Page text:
SPARE a thought for footballers at this time of the year.

It’s one thing enjoying the lavish lifestyle that comes with being a multimillionaire professional sportsman but when it comes to Christmas it’s about as much fun as sitting in the cupboard under the stairs.

Christmas and New Year is virtually the only time in the calendar year when the average Joe can feel superior to the professional player.

We can eat, drink and be merry.

And they can’t.

Typically, most clubs will play on Boxing Day so that not only means training (and maybe even travelling) on Christmas Day but also refraining from most of the things that ordinary folk enjoy, apart, perhaps, from long-standing family disputes.

Now, move away from the mince pies and let’s look at what a typical Christmas day might look like for a professional player…

WE WAKE UP TO: A few segments of Terry’s Chocolate Orange, a couple of glasses of Buck’s Fizz and some predictably disappointing presents.

THEY WAKE UP TO: Take your pick from porridge, grains and eggs every which way you can. Fresh fruits like pineapple can also help recovery from exertion and injury too.

It’s all about preparation for the training session ahead.

Yes, most clubs train on Christmas Day morning. Compliments of the season to you too gaffer.

Now pass the Coco Pops.

WE SNACK ON: Heroes, Celebrations, Roses, etc. Maybe an After Eight too. Oh, and some posh crisps.

THEY SNACK ON: High-protein snacks are always on the menu so homemade flapjacks, with the fat and sugar levels reduced, are always a good option.

Fourteen sweets from the Quality Street tin aren’t.

Like James Milner, oatcakes can also do a job, as can mixed nuts and seeds.

WE LUNCH ON: Roast turkey, pigs in blankets, roast spuds and all the trimmings, followed by Christmas pudding, cheese and biscuits, all washed down washed down with fine wines and maybe a glass of port to finish.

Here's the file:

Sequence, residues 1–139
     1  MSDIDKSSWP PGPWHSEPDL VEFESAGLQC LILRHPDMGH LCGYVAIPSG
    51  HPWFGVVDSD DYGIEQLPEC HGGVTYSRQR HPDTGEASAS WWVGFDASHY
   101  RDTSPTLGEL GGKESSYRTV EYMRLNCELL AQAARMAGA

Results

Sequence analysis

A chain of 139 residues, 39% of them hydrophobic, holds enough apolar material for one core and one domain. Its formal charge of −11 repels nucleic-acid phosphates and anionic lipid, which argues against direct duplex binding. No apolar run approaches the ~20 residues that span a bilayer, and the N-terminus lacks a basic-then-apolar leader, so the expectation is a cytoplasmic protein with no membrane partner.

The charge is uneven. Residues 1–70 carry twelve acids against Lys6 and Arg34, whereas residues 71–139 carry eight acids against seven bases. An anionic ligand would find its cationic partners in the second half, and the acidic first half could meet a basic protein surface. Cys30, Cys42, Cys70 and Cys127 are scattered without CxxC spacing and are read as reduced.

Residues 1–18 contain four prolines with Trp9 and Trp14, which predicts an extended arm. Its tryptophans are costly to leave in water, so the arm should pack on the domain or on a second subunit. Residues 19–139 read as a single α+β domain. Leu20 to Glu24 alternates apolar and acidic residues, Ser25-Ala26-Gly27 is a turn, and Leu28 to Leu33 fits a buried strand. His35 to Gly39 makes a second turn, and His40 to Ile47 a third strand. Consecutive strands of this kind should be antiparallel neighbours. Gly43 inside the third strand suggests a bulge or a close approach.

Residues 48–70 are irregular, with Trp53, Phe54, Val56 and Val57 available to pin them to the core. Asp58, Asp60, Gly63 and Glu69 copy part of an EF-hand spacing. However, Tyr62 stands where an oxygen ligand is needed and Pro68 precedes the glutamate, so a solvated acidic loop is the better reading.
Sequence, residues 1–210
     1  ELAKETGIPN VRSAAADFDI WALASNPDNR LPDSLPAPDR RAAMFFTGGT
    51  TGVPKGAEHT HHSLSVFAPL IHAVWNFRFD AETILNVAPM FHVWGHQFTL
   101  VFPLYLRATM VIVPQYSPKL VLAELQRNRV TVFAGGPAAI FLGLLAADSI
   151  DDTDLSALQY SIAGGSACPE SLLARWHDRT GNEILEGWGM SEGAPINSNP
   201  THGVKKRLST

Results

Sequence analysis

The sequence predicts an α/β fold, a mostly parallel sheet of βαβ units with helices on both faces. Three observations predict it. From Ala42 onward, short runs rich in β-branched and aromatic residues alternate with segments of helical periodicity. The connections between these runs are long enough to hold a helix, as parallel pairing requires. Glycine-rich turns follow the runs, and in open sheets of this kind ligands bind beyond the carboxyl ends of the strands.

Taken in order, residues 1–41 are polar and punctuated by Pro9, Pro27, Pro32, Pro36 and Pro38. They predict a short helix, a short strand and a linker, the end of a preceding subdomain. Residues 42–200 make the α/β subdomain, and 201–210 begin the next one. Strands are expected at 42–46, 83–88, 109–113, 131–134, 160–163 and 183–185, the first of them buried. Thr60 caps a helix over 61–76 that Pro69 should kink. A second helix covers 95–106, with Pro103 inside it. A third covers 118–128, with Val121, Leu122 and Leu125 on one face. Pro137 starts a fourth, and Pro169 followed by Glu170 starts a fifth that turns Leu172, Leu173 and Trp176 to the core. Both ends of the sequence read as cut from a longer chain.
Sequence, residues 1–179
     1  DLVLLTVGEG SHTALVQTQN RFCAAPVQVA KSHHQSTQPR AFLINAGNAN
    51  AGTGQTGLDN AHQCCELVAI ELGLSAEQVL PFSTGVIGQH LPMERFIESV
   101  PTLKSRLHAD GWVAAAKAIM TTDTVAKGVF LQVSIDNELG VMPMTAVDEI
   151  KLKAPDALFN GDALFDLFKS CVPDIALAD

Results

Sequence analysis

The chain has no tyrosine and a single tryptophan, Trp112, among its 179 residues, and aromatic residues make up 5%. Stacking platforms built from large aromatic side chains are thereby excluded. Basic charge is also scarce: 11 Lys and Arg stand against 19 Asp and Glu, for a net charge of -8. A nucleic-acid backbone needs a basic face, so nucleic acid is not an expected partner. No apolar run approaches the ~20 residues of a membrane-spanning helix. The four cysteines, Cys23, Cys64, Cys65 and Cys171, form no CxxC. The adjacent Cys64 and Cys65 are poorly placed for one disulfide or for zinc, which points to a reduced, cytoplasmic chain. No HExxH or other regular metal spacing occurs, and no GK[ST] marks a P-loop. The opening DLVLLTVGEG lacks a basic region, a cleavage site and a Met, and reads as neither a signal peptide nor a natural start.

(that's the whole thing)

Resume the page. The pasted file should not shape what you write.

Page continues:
THEY LUNCH ON: The same as us but only much, much, much less.

They will not need to loosen their belts after dinner.

Depending on when they’re playing over Christmas they’ll also need to think about their carbohydrate intake too.

Footballers need about 7g of carbohydrate per kilo of body weight but that doesn’t mean they can hog the roasties, OK?

If they have a longer trip for their Boxing Day game, they may have to meet up with their team-mates and travel to some soulless hotel in the middle of nowhere staffed by people who’d rather not be there to have their Christmas dinner.

“We’d have turkey when we got to the team hotel,” recalls arsenal legend Ian Wright,” but we just had to have bucketloads of broccoli!”

WE DRINK: Buck’s Fizz, a couple down the local, wine over lunch and some spirits we’d never ordinarily touch during the rest of the year.

THEY DRINK: According to research, the average person in the UK has their first alcoholic on Christmas Day at 9.05am.

Footballers are not average.

Water is the staple tipple for them, although maybe they’ll have a smoothie packed with superfoods like blueberries, not least because they boost the immune system and act as anti-inflammatories in a way that avocado never can.

Isotonic drinks and fruit juices may also make a appearance. Very festive.

WE END THE DAY WITH: Several glasses of Baileys, a couple of mince pies and a snooze on the sofa.

THEY END THE DAY WITH: An early night, perhaps preceded by some Greek yoghurt.

It’s a great source of probiotics, protein and calcium and can aid recovery. And is infinitely preferable to another game of charades.

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